FDA hopes hospitals will switch to newly regulated pharmacies

The Food and Drug Administration hopes hospitals and clinics will vote with their pocketbooks, buying supplies from pharmacies regulated under new powers just given to the agency.

Congress passed a law last month giving the FDA authority to regulate some so-called compounding pharmacies. The aim is to have some oversight over operations that are far bigger than the small pharmacies that make medicines to order.

FDA demanded the changes after a fungal meningitis outbreak last year that killed 64 people and sickened more than 750 others across the country. The outbreak was traced to contaminated drugs sold by a single pharmacy – the New England Compounding Center in Massachusetts.

NECC was an example of a new type of compounding pharmacy – one that made specialized drugs on a large scale and shipped them all over the country. States are supposed to regulate compounding pharmacies, but the laws were written to cover small, mom-and-pop-type operations. The new compounders more closely resemble drug manufacturers, but were not subject to the same FDA oversight as manufacturers.

The new law gives the compounders some leeway but the FDA hopes the marketplace will eventually bring them into line.

“If compounders register with FDA as outsourcers, hospitals and other health care providers will be able to provide their patients with drugs that were compounded in facilities that are subject to FDA oversight and federal requirements for current good manufacturing practice, among others,” FDA commissioner Dr. Margaret Hamburg writes in a blog post discussing the new powers.

“To that end, we will be encouraging health care providers and health networks to consider purchasing compounded products from facilities that are registered with FDA and subject to risk-based inspections.” 

"The more that register, the less need there would be to buy from facilities that are not registered," Jane Axelrad, associate director for policy for the FDA's Center for Drug Evaluation and Research, told reporters in a conference call.

The law isn’t perfect, in FDA's eyes. "It will be difficult for us to identify compounding pharmacies that choose not to register with us," Axelrad said. "We will not be able to do proactive inspections and will have to wait until we have a complaint."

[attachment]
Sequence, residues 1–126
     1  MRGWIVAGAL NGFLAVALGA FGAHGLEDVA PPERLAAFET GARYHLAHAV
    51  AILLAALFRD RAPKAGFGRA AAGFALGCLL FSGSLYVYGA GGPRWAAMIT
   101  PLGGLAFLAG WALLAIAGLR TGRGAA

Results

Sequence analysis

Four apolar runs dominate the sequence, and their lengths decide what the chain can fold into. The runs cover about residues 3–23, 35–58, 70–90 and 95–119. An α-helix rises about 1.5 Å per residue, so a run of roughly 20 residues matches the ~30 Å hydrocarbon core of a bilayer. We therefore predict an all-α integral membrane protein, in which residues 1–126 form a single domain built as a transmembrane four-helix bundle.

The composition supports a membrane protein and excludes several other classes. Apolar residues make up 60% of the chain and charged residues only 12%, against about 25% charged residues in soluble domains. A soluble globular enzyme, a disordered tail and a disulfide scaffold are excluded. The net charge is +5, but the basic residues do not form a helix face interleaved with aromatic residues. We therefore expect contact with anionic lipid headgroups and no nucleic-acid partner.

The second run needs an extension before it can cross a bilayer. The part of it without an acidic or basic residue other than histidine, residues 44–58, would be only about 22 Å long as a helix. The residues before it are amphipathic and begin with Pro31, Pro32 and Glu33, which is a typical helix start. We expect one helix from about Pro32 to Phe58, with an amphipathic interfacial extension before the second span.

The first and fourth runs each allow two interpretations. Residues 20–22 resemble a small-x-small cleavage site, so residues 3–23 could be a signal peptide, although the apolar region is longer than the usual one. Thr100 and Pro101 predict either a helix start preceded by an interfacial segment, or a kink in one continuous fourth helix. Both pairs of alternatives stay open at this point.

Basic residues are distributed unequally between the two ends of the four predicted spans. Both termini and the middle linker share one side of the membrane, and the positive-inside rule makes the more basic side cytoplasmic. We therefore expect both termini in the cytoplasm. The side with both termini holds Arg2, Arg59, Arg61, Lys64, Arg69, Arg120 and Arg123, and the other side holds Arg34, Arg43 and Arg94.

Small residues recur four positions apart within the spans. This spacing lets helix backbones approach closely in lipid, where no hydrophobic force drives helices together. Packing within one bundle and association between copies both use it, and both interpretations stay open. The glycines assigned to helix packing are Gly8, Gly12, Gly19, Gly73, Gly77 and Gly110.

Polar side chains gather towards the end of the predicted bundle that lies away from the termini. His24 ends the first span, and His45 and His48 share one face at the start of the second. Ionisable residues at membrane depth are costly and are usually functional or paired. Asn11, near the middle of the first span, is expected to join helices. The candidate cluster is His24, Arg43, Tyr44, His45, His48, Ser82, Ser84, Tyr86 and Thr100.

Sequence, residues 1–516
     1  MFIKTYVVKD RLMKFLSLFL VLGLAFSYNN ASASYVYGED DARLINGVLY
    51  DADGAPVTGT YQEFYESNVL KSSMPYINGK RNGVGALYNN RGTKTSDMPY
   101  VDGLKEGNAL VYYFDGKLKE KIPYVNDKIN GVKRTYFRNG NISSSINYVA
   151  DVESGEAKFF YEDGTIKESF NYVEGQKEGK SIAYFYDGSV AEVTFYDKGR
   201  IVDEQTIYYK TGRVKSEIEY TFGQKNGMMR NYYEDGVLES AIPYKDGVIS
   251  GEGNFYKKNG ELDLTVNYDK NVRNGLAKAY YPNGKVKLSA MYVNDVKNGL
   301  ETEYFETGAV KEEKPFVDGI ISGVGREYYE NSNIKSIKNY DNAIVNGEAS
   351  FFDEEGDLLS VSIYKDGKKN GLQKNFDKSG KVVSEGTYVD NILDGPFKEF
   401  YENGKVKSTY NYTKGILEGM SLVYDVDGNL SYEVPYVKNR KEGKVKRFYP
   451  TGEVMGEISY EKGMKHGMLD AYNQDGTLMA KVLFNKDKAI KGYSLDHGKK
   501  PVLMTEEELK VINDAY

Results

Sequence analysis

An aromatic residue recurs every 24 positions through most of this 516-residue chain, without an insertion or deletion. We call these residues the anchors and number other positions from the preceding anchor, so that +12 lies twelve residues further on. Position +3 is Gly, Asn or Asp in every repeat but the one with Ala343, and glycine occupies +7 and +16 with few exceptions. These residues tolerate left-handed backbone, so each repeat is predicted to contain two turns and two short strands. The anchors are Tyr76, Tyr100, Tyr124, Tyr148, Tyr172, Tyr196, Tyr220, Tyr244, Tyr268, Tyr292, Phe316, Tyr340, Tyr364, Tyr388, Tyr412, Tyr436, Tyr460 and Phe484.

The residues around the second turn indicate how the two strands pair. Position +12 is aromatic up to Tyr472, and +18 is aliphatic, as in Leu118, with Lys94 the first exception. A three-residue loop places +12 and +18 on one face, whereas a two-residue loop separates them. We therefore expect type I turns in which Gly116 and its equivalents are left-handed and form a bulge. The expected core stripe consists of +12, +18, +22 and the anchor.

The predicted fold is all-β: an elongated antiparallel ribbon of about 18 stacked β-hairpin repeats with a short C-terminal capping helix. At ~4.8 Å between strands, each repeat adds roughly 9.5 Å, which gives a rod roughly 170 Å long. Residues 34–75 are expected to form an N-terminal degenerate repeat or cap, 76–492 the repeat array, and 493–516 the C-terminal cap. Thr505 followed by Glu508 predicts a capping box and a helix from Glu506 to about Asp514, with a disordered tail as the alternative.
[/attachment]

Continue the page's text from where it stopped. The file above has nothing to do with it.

State boards of pharmacy will continue to have primary responsibility for the day-to-day oversight of state licensed pharmacies, including traditional pharmacy compounding.

The law also provides for labeling of certain prescription drugs so they can be traced more easily.

“Starting four years after enactment of the law, manufacturers, followed by repackagers, will be required to affix a unique product identifier to each drug package that contains the drug’s national drug code (NDC), serial number, lot number, and expiration date,” Hamburg wrote.

The FDA doesn't know how many compounding pharmacies there are, but estimates anywhere between 700 and 1,000 are in business.

Some of the people infected in the fungal meningitis outbreak are still ill, and several state prosecutors are considering legal action against NECC and its owners.

FDA investigators have found vials of steroids used for back and joint pain injections were contaminated with at least two species of fungus, as well as bacteria. Patients being treated for back pain had these contaminated drugs injected right into their spines, where the fungus grew slowly, eventually spreading into spinal fluid and causing vague symptoms such as headache and fever.

A federal grand jury in Boston has been investigating the New England Compounding Center for more than a year. FDA inspections since the outbreak have turned up cleanliness problems at several other pharmacies.

Reuters contributed to this story

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